Is the Pope Catholic?

by | Jan 9, 2016 | Church, News, Pope | 2 comments

Is the Pope Catholic?

Have you watched Pope Francis’ first video message for the traditional papal prayer intention for the month, in which he calls on people of different faiths around the world to work together for peace and justice?

Susan Stabile, an occasional poster to FamVin, observes, “The reaction to the video has been sharp and varied, with some expressing joy and admiration for the Pope’s words, and others questioning the Pope’s catholicity.”

She continues… “Perhaps the greatest challenge to interfaith dialogue is how to reconcile Christianity’s faith in Jesus Christ as the universal Savior with the positive meaning in God’s plan of salvation of the other religious traditions and their saving value for their adherents. To quote one commentator “How to make sense of the universal mission of Christianity for the whole world without having thereby to depreciate and undervalue the significance of other religious faiths for their adherents?”

It is not a small challenge.

Here is the video

Tags: Stabile


  1. Susan Swope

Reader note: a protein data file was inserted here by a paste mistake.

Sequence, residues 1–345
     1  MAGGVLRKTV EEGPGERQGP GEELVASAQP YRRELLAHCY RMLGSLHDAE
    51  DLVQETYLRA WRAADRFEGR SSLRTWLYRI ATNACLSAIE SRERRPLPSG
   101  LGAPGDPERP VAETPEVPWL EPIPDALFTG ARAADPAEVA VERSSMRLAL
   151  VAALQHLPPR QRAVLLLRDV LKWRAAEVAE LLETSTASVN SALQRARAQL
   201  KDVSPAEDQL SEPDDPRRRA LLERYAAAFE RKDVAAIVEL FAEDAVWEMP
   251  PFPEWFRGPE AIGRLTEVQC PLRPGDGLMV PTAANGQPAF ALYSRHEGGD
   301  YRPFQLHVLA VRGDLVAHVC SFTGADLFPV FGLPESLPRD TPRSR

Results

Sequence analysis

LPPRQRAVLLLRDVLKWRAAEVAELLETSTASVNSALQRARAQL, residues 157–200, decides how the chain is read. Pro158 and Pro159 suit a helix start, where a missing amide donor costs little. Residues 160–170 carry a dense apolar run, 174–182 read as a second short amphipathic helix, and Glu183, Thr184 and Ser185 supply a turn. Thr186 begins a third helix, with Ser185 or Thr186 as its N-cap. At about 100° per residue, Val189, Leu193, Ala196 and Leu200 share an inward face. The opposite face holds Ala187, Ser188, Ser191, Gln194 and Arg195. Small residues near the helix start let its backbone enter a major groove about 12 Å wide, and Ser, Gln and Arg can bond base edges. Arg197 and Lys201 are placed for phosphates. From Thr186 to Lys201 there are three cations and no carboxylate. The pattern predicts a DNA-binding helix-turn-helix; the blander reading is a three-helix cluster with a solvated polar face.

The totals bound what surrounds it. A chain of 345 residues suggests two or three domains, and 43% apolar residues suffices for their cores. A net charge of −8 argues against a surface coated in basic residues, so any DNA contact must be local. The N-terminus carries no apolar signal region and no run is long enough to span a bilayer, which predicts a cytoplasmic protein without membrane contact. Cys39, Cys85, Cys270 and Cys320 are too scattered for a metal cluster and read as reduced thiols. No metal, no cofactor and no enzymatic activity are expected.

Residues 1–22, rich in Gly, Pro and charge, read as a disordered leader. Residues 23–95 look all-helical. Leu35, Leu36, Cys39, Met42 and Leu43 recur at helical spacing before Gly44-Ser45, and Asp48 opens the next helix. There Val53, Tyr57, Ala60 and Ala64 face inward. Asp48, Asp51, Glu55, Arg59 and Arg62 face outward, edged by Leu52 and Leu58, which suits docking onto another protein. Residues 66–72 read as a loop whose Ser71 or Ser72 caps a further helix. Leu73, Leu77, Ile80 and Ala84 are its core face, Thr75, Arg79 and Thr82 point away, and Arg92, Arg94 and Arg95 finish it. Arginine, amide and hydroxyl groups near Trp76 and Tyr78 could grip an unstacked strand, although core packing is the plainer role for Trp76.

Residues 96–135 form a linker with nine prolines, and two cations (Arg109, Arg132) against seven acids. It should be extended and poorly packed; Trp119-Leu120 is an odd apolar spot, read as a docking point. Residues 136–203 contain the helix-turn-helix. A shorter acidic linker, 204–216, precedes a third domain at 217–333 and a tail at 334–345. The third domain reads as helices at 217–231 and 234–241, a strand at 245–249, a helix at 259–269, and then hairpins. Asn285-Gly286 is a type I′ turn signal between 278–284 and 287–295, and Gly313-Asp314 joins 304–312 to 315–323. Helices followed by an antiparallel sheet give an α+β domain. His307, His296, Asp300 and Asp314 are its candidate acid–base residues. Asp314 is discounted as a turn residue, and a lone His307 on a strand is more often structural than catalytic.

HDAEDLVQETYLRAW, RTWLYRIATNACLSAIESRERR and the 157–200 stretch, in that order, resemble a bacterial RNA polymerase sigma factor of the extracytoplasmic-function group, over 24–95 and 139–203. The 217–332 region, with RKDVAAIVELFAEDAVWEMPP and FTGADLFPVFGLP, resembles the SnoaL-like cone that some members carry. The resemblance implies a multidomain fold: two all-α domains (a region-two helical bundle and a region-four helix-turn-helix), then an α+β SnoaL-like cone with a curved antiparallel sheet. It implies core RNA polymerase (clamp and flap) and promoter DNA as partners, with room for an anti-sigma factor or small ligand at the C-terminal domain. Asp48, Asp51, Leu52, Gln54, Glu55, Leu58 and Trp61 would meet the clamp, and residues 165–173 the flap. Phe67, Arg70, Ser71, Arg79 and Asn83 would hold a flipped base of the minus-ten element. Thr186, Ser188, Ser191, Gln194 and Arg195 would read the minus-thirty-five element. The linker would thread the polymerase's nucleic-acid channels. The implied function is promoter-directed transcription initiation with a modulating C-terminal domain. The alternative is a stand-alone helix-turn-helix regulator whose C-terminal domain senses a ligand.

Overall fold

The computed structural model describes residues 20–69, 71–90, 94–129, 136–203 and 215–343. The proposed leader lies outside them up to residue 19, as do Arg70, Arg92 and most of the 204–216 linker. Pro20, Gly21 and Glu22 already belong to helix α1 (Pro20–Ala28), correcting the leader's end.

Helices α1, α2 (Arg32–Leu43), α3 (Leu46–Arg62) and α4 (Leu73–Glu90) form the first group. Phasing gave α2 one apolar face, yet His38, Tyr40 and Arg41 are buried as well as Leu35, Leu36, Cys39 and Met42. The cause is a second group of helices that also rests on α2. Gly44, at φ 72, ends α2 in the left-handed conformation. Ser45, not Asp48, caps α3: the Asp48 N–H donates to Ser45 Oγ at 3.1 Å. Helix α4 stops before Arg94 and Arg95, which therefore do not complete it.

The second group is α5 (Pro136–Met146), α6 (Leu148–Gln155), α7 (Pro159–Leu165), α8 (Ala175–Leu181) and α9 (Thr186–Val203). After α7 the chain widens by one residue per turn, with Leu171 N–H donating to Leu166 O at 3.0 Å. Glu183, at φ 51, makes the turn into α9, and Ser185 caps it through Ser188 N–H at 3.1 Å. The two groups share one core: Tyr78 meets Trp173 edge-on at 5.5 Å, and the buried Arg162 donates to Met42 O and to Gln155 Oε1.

I think those questioning Pope Francis’ catholicity need to look up the definition of the word. As a small “c,” it means:

    1.broad or wide-ranging in tastes, interests, or the like; having sympathies with all; broad-minded; liberal.
    2. universal in extent; involving all; of interest to all.
    3. pertaining to the whole Christian body or church.”

    His prayer intention certainly encompasses all three meanings. I applaud his call for interfaith dialogue and working together toward peace and justice. I don’t see that as being in conflict with Pope Francis also being Roman Catholic, with a capital “C” at all.

    • Ross

      I join you in applauding Pope Francis’ “call for interfaith dialogue and working together toward peace and justice.”

      Those who are questioning the Pope’s catholicity and orthodoxy are recycling, it seems to me, the criticisms hurled by doctrinaire intellectuals against Pope John Paul II and Pope Benedict over the World Day for Peace in Assisi

      Critics claimed then that such papal initiative would send the wrong message that all religious believers pray to the came deity or that there are no real distinctions among religious faiths. Critics of Pope Francis’ initiative think he is fostering religious indifferentism and relativism.